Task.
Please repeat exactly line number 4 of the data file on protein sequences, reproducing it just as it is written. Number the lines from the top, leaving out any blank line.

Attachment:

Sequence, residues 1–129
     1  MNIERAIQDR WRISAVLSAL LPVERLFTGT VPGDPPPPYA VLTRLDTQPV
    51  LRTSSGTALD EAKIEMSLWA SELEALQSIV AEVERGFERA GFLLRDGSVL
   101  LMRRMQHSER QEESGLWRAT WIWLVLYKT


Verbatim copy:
   101  LMRRMQHSER QEESGLWRAT WIWLVLYKT